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Table of Contents
Chapter 1: Preparing and Configuring Your Magento Website
Focusing on your keywords
The role of the home page
Structuring our categories for better optimization
Optimizing our CMS pages
Optimizing our titles, content, and meta information
Adjusting our Magento configuration for SEO
Default settings
XML sitemap
Google Analytics

Chapter 2: Product and Category Page Optimization
Optimizing titles and descriptions for the SERPs
Adjusting our category titles and descriptions
Adjusting our product titles and descriptions
Optimizing our URL keys
Layout and content considerations
Category page layout
Product page layout
Optimizing our headings
Optimizing product and category descriptions
Additional tips for content
Optimizing images and selling your product
Implementing schema (rich snippets)
Adding the schema.org markup to our templates
Implementing social sharing for products




Table of Contents

Chapter 3: Managing Internationalization and Multiple Languages 53
Choosing the right domain structure for multiregional websites
Store-specific configuration
Translating URL keys
Translating template content
Avoiding duplicate content when translating pages


Chapter 4: Template/Design Adjustments for SEO and CRO


Chapter 5: Speeding Up Your Magento Website


Chapter 6: Analyzing and Tracking Your Visitors


Organizing our heading structure
Changing our heading structure on the home, category, and product pages64
Integrating the breadcrumb and organization schema
Adding schema to our breadcrumbs
Adding rel=next/prev to our category pagination
Adding reviews directly onto our product pages
Removing unwanted blocks from the checkout
SEO benefits of a fast Magento website
Magento configuration settings to increase speed
.htaccess modifications
Server-side performance and scalability
Online tools to test performance
Mage Speed Test
Pingdom Website Speed Test
Google Page Speed Insights


An overview of e-commerce analytics reports
Adding secondary dimensions and advanced filters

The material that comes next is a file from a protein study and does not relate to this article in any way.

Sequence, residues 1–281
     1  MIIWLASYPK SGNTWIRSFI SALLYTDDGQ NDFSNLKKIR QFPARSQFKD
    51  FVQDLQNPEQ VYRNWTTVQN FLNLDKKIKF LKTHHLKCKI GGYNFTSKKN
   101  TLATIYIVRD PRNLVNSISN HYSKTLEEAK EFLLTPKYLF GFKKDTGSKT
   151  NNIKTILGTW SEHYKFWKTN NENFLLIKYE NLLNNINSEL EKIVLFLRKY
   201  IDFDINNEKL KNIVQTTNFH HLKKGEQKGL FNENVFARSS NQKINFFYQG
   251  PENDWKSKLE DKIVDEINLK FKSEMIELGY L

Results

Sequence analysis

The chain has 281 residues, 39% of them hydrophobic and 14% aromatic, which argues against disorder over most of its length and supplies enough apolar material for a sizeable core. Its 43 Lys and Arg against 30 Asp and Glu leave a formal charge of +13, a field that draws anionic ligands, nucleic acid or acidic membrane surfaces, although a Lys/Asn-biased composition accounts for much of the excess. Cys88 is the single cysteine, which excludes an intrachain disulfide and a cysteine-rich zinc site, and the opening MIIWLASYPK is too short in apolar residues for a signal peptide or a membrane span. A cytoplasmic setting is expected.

Advanced segments
Understanding Multi-Channel Funnels
Assisted conversions
Top conversion paths
Adding events to track phone number clicks
Universal Analytics
Implementing and analyzing content experiments

[ ii ]


Table of Contents

Chapter 7: Technical Rewrites for Search Engines
Additional .htaccess modifications
Maintaining a www or non-www domain prefix
Removing the /index.php/ path once and for all
Redirecting /home to our domain
Redirecting older pages
Improving our robots.txt file
Resolving layered-navigation duplicate content



Chapter 8: Purpose-built Magento Extensions for SEO/CRO




Installing extensions
Popular SEO-specific Magento extensions
SEO Suite Ultimate by MageWorx
Google Shopping feed by Rocket Web
Universal Analytics by Aromicon
Magento WordPress Integration by FishPig
AddThis by AddThis
Creare SEO by CreareGroup
Extensions to help improve CRO
Turpentine by Nexcess
One Step Checkout by OneStepCheckout.com
Noteworthy extension developers

[ iii ]



Optimizing a Magento website can be rather tricky at times, especially when we try
to figure out how best to optimize a specific phrase on a particular page while we
navigate over 15,000 files and hundreds of different configuration settings.
It can sometimes seem a little daunting, but thankfully, it's not all that bad.
Magento has been built by people who have as much passion about your website as
they do about their own software, and as such, they are always looking to improve
the internal optimization of their platform.
They've already provided us with a variety of tools that we can use to better prepare
our Magento store for search engines. Not only this, but due to the open source
nature of the Magento platform, there exists a growing community of developers
and SEO specialists who constantly innovate and experiment with different ways to
improve the framework.
Like any good e-commerce content management system, Magento allows us to
adjust certain elements of each product, category, and CMS page features such as
titles, meta information, and headings. Magento is rather good at delivering these
simple SEO requirements.
It has, however, its SEO shortcomings, and this book will teach you how to tackle
some of the most common issues that may arise.
I hope that with this book, you'll be able to make use of all the tools Magento has
provided for you as well as implement some of the more advanced SEO techniques.
You should also be able to repair several of those unfortunate SEO flaws that are,
to be fair, inherent within almost all large open source frameworks.